B. Aside from being in accordance with Chinese law, the Falun Gong practitioners’ appeal also complied with CCP regulations.

  • Article 4 of the Constitution of the Communist Party of China states, “Party members enjoy the following rights: …To make suggestions and proposals regarding the work of the Party.”
  • “Regulations Regarding Political Life Within the Party” require that Communist members respect the facts at any time, anywhere, and with regards to themselves or others. They are required to reflect the true situation to the Party at all times.

The reality is that ever since the specter of communism made its way into China and established its power, it has never followed the rule of law or respected morality and justice. Whatever it fears and therefore targets for persecution, the CCP habitually first frames them with sensational crimes and swiftly follows with bloody persecution. That is exactly what it did to Falun Gong practitioners. The law is simply a pretense that the CCP uses to hide its crimes from the light of day. The premise for the establishment of law is to uphold fairness, justice, and upright values, and to prevent the erosion of social order as human morality slides downwards. A good law is one that is in accordance with the concepts of fairness, justice, and being upright, whereas a law that goes against such principles and is reduced to being a tool in the hands of the evil is a wicked law. Indeed, the CCP has established many such wicked laws. It’s worth noting that this article references Chinese laws, the Chinese Constitution, and the Chinese Communist Party’s Constitution not to affirm the CCP, but rather to remind the reader of this simple fact: the CCP has never respected the rule of law, even the bad laws that it made. It has never measured anything with morality, valued rationality, or sought fairness or justice before the law. In the near future, when the CCP faces ultimate judgment, it will have no excuse for its behavior whatsoever.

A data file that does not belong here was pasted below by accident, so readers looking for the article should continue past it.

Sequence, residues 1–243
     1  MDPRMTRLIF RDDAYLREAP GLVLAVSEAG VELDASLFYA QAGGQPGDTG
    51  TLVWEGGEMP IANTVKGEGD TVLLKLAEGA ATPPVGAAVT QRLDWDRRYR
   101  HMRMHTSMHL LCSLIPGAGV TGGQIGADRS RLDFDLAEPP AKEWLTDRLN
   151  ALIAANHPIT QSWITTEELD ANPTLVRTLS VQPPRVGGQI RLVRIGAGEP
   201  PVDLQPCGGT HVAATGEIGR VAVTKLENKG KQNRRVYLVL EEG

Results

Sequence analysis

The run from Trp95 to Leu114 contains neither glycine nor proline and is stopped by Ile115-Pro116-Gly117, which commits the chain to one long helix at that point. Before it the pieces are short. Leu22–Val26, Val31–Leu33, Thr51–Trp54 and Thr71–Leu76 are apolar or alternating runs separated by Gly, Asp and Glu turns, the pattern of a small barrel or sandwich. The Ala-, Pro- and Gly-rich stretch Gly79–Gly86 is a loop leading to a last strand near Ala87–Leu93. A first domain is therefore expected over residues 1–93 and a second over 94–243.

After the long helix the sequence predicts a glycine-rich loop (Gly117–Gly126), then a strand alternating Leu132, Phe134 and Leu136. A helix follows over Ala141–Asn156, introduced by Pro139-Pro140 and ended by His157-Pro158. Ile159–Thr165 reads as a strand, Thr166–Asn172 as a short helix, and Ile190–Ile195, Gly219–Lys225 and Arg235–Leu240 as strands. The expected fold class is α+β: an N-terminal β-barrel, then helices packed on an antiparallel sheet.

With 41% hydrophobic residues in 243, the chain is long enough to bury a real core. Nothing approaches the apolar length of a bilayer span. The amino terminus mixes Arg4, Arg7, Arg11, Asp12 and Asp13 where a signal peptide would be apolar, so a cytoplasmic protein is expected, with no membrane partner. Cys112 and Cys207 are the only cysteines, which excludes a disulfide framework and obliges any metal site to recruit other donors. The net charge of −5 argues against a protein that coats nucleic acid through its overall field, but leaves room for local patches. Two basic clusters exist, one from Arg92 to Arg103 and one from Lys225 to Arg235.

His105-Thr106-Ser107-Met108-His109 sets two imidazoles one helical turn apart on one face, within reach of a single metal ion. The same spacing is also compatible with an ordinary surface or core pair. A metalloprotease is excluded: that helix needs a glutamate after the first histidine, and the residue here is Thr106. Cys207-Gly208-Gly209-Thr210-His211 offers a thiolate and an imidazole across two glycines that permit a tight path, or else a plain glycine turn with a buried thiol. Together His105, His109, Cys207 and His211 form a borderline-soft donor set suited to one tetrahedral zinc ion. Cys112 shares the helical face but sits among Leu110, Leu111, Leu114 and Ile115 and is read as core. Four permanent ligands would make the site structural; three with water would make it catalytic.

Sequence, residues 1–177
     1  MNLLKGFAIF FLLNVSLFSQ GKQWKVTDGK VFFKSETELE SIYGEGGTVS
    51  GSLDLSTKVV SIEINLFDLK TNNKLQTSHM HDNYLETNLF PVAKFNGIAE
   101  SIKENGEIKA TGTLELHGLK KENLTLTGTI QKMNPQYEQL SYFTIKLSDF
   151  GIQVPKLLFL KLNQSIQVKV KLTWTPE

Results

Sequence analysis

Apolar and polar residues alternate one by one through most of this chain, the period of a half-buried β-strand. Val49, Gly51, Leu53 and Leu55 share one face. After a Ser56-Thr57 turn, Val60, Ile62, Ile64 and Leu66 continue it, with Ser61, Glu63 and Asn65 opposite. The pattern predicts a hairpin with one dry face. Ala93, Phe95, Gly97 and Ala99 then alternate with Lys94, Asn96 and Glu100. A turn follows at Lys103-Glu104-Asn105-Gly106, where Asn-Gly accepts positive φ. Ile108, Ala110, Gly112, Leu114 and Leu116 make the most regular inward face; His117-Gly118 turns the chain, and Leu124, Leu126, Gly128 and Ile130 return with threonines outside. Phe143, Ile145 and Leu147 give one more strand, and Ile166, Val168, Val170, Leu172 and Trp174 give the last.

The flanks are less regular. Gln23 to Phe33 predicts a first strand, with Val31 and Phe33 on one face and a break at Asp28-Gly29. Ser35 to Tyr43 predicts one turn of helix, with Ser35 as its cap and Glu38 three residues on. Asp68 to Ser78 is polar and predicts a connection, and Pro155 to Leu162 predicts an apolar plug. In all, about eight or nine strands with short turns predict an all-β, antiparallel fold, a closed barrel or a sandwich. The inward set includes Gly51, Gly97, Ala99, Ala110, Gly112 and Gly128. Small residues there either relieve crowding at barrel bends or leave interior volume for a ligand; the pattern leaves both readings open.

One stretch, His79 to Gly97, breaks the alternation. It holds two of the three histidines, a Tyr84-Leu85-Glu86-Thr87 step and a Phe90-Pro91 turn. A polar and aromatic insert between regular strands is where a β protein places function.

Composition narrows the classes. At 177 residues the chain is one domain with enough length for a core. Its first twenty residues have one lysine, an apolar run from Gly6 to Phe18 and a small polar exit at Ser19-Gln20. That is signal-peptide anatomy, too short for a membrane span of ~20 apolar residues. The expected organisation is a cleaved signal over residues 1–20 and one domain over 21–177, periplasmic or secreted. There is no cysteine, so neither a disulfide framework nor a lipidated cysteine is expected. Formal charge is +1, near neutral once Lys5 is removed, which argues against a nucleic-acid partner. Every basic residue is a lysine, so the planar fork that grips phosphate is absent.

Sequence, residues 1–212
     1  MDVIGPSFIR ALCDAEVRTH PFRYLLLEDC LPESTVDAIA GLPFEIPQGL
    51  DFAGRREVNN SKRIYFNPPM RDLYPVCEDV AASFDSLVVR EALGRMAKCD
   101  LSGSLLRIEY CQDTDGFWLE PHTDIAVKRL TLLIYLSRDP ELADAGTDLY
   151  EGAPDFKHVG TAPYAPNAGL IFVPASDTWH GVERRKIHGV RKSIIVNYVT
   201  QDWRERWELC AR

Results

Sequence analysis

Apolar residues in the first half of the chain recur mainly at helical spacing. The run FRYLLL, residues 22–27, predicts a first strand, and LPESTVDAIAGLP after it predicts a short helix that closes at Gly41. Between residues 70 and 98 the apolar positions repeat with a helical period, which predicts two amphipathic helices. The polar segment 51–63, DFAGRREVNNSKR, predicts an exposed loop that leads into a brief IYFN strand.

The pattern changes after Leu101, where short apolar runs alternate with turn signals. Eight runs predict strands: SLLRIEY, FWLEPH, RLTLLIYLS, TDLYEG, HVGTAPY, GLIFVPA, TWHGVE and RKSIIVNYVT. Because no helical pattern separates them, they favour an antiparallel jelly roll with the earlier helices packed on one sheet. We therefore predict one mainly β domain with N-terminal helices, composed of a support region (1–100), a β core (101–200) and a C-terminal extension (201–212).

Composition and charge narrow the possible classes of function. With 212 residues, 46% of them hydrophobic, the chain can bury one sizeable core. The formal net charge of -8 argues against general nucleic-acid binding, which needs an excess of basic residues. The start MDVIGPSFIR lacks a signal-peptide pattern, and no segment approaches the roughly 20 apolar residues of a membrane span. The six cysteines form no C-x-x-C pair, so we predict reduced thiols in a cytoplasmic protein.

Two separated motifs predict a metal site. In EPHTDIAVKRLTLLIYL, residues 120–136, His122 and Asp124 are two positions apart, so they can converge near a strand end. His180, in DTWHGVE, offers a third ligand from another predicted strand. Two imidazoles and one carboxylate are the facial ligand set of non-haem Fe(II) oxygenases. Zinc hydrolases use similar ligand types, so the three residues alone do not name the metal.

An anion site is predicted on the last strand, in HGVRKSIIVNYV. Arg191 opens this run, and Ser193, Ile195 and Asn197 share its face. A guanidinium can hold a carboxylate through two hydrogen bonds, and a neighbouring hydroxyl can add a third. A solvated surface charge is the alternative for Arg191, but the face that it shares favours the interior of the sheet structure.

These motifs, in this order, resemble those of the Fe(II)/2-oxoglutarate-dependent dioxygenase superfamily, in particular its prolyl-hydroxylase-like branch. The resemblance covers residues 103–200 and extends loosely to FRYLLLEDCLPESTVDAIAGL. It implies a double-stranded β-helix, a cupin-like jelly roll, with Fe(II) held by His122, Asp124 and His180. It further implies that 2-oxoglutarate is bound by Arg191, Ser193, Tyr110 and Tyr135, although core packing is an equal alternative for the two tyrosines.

When the CCP published those documents immediately preceding the mass arrests of practitioners, its sole purpose was to slander Falun Gong and create an environment in which to carry out its heinous deeds. In fact, the leader of the CCP, Jiang Zemin, had declared in April his intention to “eliminate Falun Gong” in a matter of three months.